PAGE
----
This document is a resource of home building and construction related careers and promotional material for young people seeking to work in the sector. It is organised under general careers resources, home building specific resources, construction and STEM resources. The resources are organised under the organisation providing the resource, name of the scheme they offer, the target sector and age group it is aimed at the type of resource and description.
    • NHBC Foundation: improving recruitment of young people into home building : a literature review

      Marriott, John; Moore, Nicki; University of Derby (University of Derby, 2014-12-18)
      This literature review was undertaken to support research into young people's attitudes to careers in house building. The review is based on database searches supplemented by the evidence gathered during stakeholder interviews and through requests made to the wider careers and home building sectors. In order to fully answer the main research questions, the literature mapping the barriers faced by young people to working within the sector was explored. Based on the review a set of criteria for analysing and categorising industry sector initiatives will also be developed. The criteria will be presented as a separate compendium of opportunities.
    • No change there then: Perceptions of vocational education in a coalition era

      Atkins, Liz; University of Huddersfield (BERA, 01/09/2012)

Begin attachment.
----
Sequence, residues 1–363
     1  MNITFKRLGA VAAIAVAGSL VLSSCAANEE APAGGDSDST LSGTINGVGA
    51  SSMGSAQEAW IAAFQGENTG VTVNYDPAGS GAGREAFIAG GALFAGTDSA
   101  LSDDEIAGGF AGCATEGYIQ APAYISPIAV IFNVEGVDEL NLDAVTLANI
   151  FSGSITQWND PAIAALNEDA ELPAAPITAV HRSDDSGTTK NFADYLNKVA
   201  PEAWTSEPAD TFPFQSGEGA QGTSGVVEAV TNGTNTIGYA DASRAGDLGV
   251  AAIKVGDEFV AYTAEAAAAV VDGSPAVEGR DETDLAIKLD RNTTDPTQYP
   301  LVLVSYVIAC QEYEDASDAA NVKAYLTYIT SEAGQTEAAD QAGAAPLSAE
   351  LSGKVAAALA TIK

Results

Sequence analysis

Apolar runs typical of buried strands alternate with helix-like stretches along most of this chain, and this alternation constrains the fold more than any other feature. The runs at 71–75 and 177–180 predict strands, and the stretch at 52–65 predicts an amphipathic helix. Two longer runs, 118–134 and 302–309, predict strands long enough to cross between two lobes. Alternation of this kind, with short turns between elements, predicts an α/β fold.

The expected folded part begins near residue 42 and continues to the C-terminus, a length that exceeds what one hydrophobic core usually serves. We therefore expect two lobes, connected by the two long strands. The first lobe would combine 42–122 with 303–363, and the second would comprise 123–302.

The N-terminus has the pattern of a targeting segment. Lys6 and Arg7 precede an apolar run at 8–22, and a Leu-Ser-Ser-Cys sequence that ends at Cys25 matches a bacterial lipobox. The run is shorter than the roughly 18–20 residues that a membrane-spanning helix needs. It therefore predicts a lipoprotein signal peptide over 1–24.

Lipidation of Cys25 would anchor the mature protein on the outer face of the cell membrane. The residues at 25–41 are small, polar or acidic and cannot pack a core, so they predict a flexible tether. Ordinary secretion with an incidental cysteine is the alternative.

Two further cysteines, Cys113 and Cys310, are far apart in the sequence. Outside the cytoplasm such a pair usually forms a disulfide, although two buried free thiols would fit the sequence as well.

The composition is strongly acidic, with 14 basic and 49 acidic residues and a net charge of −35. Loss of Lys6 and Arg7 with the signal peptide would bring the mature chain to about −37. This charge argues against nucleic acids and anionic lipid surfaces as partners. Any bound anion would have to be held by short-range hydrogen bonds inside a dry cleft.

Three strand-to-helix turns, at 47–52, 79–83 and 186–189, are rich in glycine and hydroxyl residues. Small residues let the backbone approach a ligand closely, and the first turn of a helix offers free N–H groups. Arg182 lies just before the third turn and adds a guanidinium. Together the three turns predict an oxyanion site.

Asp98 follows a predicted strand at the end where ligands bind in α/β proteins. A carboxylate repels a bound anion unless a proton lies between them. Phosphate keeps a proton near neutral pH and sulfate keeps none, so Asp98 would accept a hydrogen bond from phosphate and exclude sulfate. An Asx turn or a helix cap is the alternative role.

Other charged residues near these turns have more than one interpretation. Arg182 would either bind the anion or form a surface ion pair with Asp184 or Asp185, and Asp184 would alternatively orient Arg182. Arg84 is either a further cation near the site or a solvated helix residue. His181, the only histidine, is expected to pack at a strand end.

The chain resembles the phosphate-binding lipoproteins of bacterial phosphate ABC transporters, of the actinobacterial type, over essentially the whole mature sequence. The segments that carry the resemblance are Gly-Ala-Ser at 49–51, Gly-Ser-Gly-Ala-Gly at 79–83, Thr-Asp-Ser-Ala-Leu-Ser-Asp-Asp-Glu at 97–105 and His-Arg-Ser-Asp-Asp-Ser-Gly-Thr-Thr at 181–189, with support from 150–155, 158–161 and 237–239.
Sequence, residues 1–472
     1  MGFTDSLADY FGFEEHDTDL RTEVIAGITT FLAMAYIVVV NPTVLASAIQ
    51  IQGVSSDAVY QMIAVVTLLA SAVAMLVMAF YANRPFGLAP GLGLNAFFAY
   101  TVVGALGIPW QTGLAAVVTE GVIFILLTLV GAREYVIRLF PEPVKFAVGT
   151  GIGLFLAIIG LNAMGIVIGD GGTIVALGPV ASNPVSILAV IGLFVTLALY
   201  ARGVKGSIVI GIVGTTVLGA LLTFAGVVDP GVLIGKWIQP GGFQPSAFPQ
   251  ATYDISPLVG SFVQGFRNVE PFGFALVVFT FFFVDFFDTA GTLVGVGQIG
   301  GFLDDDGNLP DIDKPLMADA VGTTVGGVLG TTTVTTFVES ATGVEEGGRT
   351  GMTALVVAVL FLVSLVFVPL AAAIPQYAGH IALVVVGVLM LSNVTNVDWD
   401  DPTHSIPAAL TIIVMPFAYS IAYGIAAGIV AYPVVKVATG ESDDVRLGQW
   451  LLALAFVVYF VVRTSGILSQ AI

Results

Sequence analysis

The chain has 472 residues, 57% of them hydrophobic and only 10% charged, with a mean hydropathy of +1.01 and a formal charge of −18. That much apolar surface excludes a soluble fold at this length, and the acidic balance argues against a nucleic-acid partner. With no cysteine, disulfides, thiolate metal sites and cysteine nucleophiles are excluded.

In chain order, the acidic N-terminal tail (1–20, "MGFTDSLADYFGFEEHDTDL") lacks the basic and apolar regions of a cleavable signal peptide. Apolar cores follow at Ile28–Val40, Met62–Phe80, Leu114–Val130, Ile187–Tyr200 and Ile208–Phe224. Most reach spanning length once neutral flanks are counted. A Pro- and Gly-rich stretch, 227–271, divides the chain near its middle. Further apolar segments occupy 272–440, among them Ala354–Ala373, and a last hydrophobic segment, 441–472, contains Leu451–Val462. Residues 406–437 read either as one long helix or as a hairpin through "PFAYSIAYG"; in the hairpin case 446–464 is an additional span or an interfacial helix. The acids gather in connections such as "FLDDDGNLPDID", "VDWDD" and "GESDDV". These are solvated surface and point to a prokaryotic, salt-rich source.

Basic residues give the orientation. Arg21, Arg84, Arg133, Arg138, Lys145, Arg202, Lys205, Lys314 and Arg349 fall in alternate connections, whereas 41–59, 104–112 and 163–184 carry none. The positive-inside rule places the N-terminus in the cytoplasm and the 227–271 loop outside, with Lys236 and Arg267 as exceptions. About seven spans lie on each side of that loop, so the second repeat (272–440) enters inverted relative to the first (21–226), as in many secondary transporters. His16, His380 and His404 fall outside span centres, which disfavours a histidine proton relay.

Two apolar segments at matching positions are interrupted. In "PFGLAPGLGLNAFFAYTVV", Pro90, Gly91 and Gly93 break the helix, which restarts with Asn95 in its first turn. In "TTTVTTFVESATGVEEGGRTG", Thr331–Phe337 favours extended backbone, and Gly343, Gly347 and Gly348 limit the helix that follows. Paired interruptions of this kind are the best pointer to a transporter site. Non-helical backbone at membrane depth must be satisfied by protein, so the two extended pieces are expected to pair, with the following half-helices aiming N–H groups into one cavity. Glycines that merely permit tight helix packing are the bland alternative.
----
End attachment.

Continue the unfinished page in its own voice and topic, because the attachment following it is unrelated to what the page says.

This paper explores the findings of a qualitative study carried out in summer 2010 on behalf of City and Guilds Centre for Skills Development (CSD), which explored young peoples perceptions of vocational education. The participants, drawn from schools and colleges across England, were pursuing a broad range of vocational programmes. Data were gathered using a series of focus groups and individual interviews and analysed using a thematic approach within a Bourdieusian theoretical framework drawing on notions of structure and agency, field and habitus as well as on the extensive body of literature exploring vocational education and school to work transitions for young people. The field work for the study was conducted at the time of the General Election and this analysis also contextualises the findings in terms of the Coalition response to the Wolf Review of Vocational Education (2011). The key findings of the study suggest that serendipity, contingent events and influence of significant others rather than Careers Education and Guidance (CEG) are most significant in choice of vocational programme and that young peoplesunderstandings of possible career paths vary in sophistication, differentiated by age group, level of programme and subject area. Further, their perceptions of the attractiveness of vocational education and training are closely associated with the value they place on their courses and wider societal perception of those courses which they consider to be negative, suggesting that pre-Coalition policy has been unsuccessful in addressing issues of parity of esteem. The paper discusses these findings in the context of contemporary educational structures in England which inhibit transfer from vocational to academic routes and ongoing issues around parity of esteem, and explores their implications for the most marginalised young people particularly those who are engaged with vocational education at its lowest mainstream levels and those who are NEET - in the context of current Coalition policy. The paper concludes that whilst some recent policy initiatives, such as the proposed introduction of University Technical Colleges for 14-19 year olds may be successful in raising the esteem of some types of specialised vocational education, broad vocational courses at lower levels, and those short courses associated with employabilityand reengagement, are likely to continue to be held in lower esteem and to confer little educational advantage on those young people, largely drawn from working class backgrounds, who pursue them.